Electric vehicles comprise less than 1% of all cars, trucks and motorcycles now on the road in the Chattanooga area, but battery-powered vehicles will be key to both Tennessee’s environmental and economic future, according to the state’s top environmental regulator.
With Nissan currently assembling electric-powered Leaf cars in Smyrna, Tennessee and Volkswagen is about to make battery-powered ID.4 sport utility vehicles in Chattanooga, Tennessee Environment and Conservation Commissioner David Salyers said Tennessee is emerging as a leader in the manufacturing of electric vehicles.
“We have a robust automotive sector in Tennessee that can benefit by the boon in EVs and the related parts manufacturing,” Salyers told the East Tennessee Clean Fuels coalition meeting in Johnson City, Tennessee on Thursday. “Electric vehicles can support our communities by providing new energy opportunities in our communities, keeping more energy dollars in our state and reducing transportation costs for households and businesses.”
Chattanooga was an early leader in testing out battery-powered vehicles at the electric vehicle test facility that the Tennessee Valley Authority built in the late 1970s and Chattanooga pioneered one of the first electric-powered downtown shuttle systems in the 1980s built in Chattanooga by Advanced Vehicle Systems (AVS). The Chattanooga Area Regional Transportation Authority (CARTA) also started an electric vehicle ride share program in 2016 to allow drivers to rent battery-powered Nissan Leafs by the hour.
But AVS later filed for bankruptcy, the TVA test tracks was idled for several years and CARTA suspended its electric car rental program at the end of last year due to limited usage.
Sales of electric vehicles have also remained limited in Tennessee, especially since other states like California have offered richer incentives or stricter regulations to propel electric vehicle usage. Bill Copeland, director of intelligence for EPB, estimates Hamilton County is home to about 650 electric vehicles.
Volkswagen’s ID.4 pure electric SUV
Although EVs comprise a small fraction of the cars on the road today, that is likely to soon change as battery efficiency improves, consumer desires for EVs increase and more models are on the road, Copeland said.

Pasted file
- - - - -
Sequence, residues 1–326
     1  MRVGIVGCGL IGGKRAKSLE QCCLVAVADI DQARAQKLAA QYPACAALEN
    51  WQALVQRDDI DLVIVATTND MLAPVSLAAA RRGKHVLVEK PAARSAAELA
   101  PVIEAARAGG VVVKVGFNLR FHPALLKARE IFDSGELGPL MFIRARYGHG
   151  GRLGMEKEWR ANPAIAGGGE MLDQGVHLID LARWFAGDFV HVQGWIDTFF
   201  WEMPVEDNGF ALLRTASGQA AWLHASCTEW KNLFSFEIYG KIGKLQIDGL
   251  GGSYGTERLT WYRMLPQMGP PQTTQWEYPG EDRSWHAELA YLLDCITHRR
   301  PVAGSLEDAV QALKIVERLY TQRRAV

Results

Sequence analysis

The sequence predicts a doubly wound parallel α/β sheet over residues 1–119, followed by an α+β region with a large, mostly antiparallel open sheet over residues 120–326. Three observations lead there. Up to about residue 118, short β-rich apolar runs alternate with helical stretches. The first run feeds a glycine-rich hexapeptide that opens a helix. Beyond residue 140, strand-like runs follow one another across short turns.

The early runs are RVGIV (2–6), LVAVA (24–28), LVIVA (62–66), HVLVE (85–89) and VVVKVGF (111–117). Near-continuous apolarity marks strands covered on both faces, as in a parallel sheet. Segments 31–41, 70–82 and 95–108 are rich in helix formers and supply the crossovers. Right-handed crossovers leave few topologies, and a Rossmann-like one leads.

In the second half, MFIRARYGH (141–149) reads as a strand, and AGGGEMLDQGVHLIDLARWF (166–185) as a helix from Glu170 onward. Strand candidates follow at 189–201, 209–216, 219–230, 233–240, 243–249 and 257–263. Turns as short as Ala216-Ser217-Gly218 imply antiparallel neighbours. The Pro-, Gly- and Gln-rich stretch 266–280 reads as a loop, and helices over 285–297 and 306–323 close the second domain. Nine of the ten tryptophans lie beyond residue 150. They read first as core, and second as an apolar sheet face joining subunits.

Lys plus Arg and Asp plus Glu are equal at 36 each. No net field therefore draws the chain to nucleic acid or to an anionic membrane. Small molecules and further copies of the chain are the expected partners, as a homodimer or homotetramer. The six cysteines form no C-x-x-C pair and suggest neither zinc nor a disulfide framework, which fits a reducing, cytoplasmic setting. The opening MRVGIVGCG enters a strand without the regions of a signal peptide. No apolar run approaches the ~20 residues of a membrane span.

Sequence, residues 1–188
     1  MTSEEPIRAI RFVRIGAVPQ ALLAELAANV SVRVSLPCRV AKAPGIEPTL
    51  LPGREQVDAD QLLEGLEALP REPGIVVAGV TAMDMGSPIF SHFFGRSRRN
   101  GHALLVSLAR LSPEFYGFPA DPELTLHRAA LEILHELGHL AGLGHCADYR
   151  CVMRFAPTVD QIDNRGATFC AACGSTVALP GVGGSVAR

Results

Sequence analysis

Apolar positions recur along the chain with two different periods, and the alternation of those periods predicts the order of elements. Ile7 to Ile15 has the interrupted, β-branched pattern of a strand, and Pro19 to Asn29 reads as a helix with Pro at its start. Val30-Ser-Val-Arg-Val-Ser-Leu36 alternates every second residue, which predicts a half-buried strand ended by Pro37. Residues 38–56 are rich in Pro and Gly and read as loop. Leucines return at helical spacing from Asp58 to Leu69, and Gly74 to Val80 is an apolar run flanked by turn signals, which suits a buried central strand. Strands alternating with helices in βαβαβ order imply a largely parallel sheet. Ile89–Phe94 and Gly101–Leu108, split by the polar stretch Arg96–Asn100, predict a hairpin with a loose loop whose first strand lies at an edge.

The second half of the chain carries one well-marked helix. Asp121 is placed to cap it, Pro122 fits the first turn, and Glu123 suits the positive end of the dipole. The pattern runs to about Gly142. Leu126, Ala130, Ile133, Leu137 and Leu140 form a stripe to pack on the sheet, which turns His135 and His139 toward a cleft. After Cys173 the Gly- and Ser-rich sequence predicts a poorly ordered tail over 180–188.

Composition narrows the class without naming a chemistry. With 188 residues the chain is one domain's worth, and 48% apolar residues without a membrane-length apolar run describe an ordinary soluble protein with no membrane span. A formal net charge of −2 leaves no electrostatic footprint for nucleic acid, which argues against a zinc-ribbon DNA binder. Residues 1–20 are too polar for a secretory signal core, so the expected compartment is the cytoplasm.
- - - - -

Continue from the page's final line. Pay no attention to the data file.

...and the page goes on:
“Technology adoption moves much faster today and almost all car makers today are developing EVs,” Copeland said. “The costs are going down for both the vehicle and its batteries and, unlike fluctuating gas prices, electricity prices are likely to remain stable here in the Tennessee Valley for the foreseeable future.”
To spur sales of its new electric-powered SUV, Volkswagen announced this week that buyers of its 2021 ID.4 electric SUV will receive three years of free unlimited charging on Electrify America’s nationwide network of ultra-fast chargers.
In Tennessee, TVA, EPB and the state are promoting programs to educate consumers about EVs and create more recharging stations for battery-powered vehicles. With more choices and cheaper prices, Copeland said he expects far more motorists will soon be driving EVs.
In California, Gov. Gavin Newsom is taking a far more aggressive approach to promoting electric vehicles. Newsom announced Wednesday that California will halt sales of new gasoline-powered passenger cars and trucks by 2035 to help reduce carbon emissions Newsom said are causing global warming and helping to fuel wildfires in the Golden State.
In Tennessee, Salyers said the state has successfully cut its air pollution and smog emissions nearly in half over the past two decades, primarily by reductions from industries and other stationary sources. As a result, Tennessee came back into compliance with federal ozone standards in 2016 and the state began meeting particulate pollution standards in 2017.
TVA also has cut its carbon emissions by 60% over the past two decades.
But to make further improvements in air quality, Salyers said more must be done to limit pollution from cars, buses and other mobile sources, not just factories and mines. Salyers said electric vehicles are key to such environmental improvements.
“Our vision is for Tennessee to become a leader in electric vehicle transportation,” he said.
Contact Dave Flessner at firstname.lastname@example.org or at 423-757-6340.